Following a sharp, albeit somewhat expected, decline in two-year average trends in May in the U.S., MCD trends need to rebound.


McDonald’s is scheduled to report its June sales numbers, along with its 2Q10 earnings, before the market open on Friday.  Relative to earnings, it is important to remember that 2Q10 is the last quarter of easy comparisons on the food and paper expense line.  To recall, MCD reported its highest restaurant level margin in the U.S. in 1Q10 in nearly 16 years.  The 210 bps of year-over-year margin growth was driven largely by lower food and paper costs, which management said “have allowed [them] to continue to grow margins, while holding the line on price increases.  “Specifically, the company’s basket of goods decreased about 5% in both the U.S. and Europe during the first quarter, but full-year guidance assumes only a 2%-3% decrease in the U.S. and a slight decrease in Europe.  Although food costs likely remained favorable in 2Q10 on a YOY basis, this benefit will go away in the second half of the year (with comparisons becoming increasingly more difficult as we trend through the year).  Given the current unemployment picture and the still fragile state of the U.S. consumer, MCD may have to choose between driving traffic by keeping prices low and holding the line on margins.



June sales preview:


McDonald’s is scheduled to report its June sales numbers before the market open on Friday.  On a year-over-year basis, June 2010 has one less Monday, and one additional Wednesday, than June 2009.


June’s results will likely reflect the impact of the company recalling the “Shrek Forever After 3D” collectable drinking glasses due to potential cadmium risk.  For reference, MCD partly attributed the momentum in May in the U.S. to the popularity of its Shrek-themed Chicken McNugget and Happy Meal promotions.  June also is the last month of the summer without any impact from the rollout of the new smoothie beverages.  The impact of the McCafe smoothies, and the heat wave that gripped most of the country in early July, will be seen next month.


Below, I am providing my view on comparable sales ranges for each of MCD’s geographic segments as indicators of what I would rate as GOOD, NEUTRAL, or BAD results based largely on two-year average trends (adjusting for calendar shifts).



U.S. (facing a relatively easy 1.8% compare, including a calendar shift which impacted results by -2.0% to +0.2%, varying by area of the world):


GOOD:  4.5% or greater  would be perceived as a good result because it would imply that the company was able to improve U.S. two-year average same-store sales (by 30 bps) on a sequential basis.  Given the current unemployment picture, together with the recent drop in consumer confidence, a 30 bps sequential increase would be meaningful.  While May’s U.S. result was less-than-stellar, and therefore does not pose a lofty sequential hurdle for June, a 4.5% number would be the best result this year.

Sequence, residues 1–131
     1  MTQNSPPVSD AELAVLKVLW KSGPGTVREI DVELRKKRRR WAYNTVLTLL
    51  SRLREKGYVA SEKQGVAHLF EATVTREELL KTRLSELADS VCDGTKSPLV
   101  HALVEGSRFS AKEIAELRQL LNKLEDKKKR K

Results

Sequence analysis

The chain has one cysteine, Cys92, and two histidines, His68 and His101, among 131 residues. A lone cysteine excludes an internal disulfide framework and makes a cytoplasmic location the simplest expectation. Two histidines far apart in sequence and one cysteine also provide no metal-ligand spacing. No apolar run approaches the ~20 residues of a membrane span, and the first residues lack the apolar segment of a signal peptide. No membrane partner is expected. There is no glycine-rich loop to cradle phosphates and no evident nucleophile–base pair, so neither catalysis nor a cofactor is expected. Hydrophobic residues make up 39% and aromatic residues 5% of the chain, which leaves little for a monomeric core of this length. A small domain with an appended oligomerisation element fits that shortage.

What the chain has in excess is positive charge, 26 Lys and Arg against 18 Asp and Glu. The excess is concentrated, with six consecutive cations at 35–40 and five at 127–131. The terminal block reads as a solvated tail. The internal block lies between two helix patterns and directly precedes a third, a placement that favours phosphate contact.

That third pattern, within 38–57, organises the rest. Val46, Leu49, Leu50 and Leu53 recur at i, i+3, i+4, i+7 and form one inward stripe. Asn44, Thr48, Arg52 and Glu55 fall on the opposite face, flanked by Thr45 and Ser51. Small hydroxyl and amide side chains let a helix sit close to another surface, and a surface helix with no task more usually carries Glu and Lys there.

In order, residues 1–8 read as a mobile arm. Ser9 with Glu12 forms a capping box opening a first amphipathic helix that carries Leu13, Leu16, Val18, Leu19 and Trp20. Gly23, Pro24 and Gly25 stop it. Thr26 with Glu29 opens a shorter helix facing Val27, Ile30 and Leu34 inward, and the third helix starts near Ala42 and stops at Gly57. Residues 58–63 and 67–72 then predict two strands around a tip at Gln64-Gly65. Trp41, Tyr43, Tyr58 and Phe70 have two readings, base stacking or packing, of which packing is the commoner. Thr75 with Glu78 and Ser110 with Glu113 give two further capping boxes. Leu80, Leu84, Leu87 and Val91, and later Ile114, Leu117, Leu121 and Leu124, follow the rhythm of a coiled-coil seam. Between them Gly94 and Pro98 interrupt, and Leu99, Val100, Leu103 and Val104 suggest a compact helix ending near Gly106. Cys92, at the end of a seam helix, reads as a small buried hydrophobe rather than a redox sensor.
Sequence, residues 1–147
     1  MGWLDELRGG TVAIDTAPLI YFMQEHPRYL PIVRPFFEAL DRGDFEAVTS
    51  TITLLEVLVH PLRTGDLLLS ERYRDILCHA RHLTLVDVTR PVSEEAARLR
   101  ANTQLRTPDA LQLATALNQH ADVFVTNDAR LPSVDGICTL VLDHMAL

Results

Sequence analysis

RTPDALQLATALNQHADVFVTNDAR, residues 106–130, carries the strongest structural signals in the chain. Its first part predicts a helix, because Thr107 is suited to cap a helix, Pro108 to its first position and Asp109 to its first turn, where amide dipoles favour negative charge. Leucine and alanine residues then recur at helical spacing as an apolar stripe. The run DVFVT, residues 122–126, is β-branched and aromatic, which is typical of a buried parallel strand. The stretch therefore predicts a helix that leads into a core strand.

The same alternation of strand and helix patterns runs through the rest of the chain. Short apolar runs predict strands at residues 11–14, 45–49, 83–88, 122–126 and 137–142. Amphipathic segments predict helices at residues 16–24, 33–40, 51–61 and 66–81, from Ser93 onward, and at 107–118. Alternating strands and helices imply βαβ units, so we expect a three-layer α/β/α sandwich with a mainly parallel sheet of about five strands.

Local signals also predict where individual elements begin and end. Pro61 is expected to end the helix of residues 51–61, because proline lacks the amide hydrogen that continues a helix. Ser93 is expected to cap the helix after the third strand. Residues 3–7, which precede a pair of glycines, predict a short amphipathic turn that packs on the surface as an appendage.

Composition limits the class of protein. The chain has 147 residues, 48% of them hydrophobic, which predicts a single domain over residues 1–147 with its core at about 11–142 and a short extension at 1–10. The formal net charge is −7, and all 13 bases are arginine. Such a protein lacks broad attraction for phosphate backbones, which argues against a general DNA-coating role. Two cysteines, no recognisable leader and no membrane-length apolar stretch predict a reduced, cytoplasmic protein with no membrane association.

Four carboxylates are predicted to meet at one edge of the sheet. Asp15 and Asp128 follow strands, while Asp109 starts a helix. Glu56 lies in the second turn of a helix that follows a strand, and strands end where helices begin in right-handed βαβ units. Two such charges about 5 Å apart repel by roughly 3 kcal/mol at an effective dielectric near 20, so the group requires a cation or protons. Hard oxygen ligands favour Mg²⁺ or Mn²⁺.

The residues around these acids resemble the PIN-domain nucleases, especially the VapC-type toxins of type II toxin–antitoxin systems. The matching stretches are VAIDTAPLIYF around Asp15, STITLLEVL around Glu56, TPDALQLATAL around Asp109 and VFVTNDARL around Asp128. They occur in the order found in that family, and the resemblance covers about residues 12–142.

NEUTRAL:  Roughly 3.5% to 4.5% implies two-year average trends that are roughly in line with those seen in May.


BAD:  Below 3.5% would indicate that two-year trends have deteriorated sharply on a sequential basis.  May had already seen a decline from April; further decline would be decidedly negative and would imply a two-year trend below 3%, a level not seen since January. 




Europe (facing a 4.7% compare, including a calendar shift which impacted results by -2.0% to +0.2%, varying by area of the world):


GOOD:  6.5% or above would be a good result for McDonald’s European operations.  This print would imply a roughly level-to-slightly lower two-year average trend with May but would still be in the 6%+ area which is traditionally the “GOOD” level for Europe.  The two-year trend in Europe accelerated rather significantly in May from the April level so maintaining that trend would be viewed positively. Although the heavy involvement of the European nations in the World Cup may have had somewhat of an impact on McDonald’s sales, economic issues in Europe – such as unemployment – are still weighing heavily on consumer behavior.


NEUTRAL:  5.0% to 6.5% would imply two-year average trends roughly in line with what we saw in the months preceding May’s tick up in trend.


BAD: Below 5.0% would signal that two-year trends have declined sharply from May and decidedly back into the sub-6% region.



APMEA (facing an easy +0.3% compare, including a calendar shift which impacted results by -2.0% to +0.2%, varying by area of the world):


GOOD: A print of +9% or higher would be a good result for the APMEA branch; this number would imply that two-year average trends held steady or improved in June.  APMEA is lapping an easy compare of +0.3%.  The slowdown in APMEA in June last year was attributed to weakness in Japan and China, with China running negative comparable store sales.


NEUTRAL: Comparable-store sales of 8% to 9% would result in two-year average trends slightly lower than those seen in May, but 8% still represents a strong comparable-sales number when compared to the past three months.


BAD: Below 8% would result in a significant sequential deterioration in two-year average trends and, therefore, would be perceived as a negative result.



MCD JUNE SALES PREVIEW - mcd june preview


Howard Penney

Managing Director

Bear Market Macro: SP500 Levels, Refreshed...

Conclusion: We remain short both the SP500 (SPY) and US Dollar (UUP).


Gotta love a bear market that rallies on rumors of “Fed cuts”, when they can’t cut from zero. I suppose if the rumor is that Bernanke could implement more quantitative easing, that would be more believable. If he does that, the US Dollar and balance sheet position will weaken further…